State auditor says “I was shaken”, had left holiday party night of hit-and-run

RALEIGH, N.C. (WRAL) – North Carolina State Auditor Beth Wood on Monday released a statement about the crash she was involved in last month.

WRAL is reporting that in the written statement, Wood described she was “shaken” when she crashed her state-issued car into a parked car in downtown Raleigh on Dec. 8, 2022. Wood said she was leaving a holiday gathering and admitted to making a mistake by not reporting the crash when it happened.

Her complete statement reads:

“On the evening of December 8, 2022, I attended a holiday gathering in downtown Raleigh. I was at the event for approximately two hours. When I left, I made a sharp right turn and inadvertently hit a parked car. I was shaken by the incident and, when I was unable to move my vehicle, I left the scene. That was a serious mistake and I regret my decision.

The next morning, I notified State Motor Fleet Management that I was involved in an accident and subsequently was cited by police for unsafe movement and for failing to provide my name and other information to the owner of the car or a law enforcement officer.

I sincerely regret my actions and will continue to cooperate with law enforcement. I have served the people of North Carolina as their State Auditor since 2009. I made a mistake in judgment on December 8, but I am committed to continuing to perform my duties with the same energy and determination I am known for.

I apologize to the owner of the car I hit, my staff and all I serve for leaving the scene of the accident. I have learned from this mistake and am fully accepting personal responsibility for my actions.”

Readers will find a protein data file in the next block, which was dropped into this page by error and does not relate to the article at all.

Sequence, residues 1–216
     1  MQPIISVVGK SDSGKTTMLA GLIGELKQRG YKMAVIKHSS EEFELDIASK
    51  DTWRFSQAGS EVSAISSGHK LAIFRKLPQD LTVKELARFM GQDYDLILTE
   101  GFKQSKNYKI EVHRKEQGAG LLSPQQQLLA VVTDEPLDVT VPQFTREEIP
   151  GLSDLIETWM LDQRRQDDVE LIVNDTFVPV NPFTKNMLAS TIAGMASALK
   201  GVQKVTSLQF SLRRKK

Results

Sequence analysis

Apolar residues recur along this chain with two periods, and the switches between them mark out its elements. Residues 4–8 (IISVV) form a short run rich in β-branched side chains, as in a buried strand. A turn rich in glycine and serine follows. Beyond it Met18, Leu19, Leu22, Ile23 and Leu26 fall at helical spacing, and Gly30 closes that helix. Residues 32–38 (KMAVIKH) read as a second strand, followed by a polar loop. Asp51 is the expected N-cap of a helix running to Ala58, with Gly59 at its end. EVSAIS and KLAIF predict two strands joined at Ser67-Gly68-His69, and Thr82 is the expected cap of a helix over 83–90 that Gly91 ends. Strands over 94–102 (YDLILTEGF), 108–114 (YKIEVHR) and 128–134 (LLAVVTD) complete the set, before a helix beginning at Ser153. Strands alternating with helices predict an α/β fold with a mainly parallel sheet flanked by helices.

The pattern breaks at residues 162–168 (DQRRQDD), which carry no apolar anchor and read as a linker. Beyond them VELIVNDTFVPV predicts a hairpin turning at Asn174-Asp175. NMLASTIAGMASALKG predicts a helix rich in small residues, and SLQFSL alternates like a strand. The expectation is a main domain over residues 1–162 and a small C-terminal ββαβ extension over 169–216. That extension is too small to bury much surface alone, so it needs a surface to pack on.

Chris Valverde, who owns the car Wood hit, told WRAL News his daughter borrowed his car the night of the hit-and-run.

“I get a phone call from my daughter [who] literally … says, ‘There’s a car on top of the car,’” Valverde said.

The damage to Valverde’s car, which was parked near the intersection of Hargett and Salisbury streets in downtown Raleigh, led to a hit-and-run charge against Wood.

In an interview with WRAL News, Valverde described that call and other details about what happened that night. WRAL News also obtained images matching his account of the crash.

Valverde’s daughter had borrowed the car to go to work at a downtown restaurant.

“One of the last things [my daughter] told me was, ‘Hey, the car that’s on top of my car is a state government vehicle,’” he said.

The black, state-owned Toyota Camry — the one issued to Wood — was left at the scene with the engine on, according to a police report.

“The driver of the vehicle appeared to have fled the scene,” the report said.

Wood, 68, was charged Dec. 12 with misdemeanor hit-and-run. She is scheduled to appear in court on Thursday.

Wood noted that she was driving 15 mph and was not using a mobile device or reaching for something.